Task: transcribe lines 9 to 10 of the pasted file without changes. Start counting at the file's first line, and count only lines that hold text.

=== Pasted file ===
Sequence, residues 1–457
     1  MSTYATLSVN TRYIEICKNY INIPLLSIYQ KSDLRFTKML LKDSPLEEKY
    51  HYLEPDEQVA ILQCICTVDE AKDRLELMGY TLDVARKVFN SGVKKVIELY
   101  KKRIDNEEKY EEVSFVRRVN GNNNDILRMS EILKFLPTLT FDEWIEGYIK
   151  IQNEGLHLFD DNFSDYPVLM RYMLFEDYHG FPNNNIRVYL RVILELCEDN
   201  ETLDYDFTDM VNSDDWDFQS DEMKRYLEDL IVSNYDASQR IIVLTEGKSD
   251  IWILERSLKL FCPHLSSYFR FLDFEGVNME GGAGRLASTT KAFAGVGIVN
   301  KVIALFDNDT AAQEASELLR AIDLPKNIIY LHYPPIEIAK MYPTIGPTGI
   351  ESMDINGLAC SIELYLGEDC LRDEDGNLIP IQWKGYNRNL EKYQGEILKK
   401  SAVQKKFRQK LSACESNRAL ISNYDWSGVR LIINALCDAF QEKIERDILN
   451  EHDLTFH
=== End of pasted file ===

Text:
   351  ESMDINGLAC SIELYLGEDC LRDEDGNLIP IQWKGYNRNL EKYQGEILKK
   401  SAVQKKFRQK LSACESNRAL ISNYDWSGVR LIINALCDAF QEKIERDILN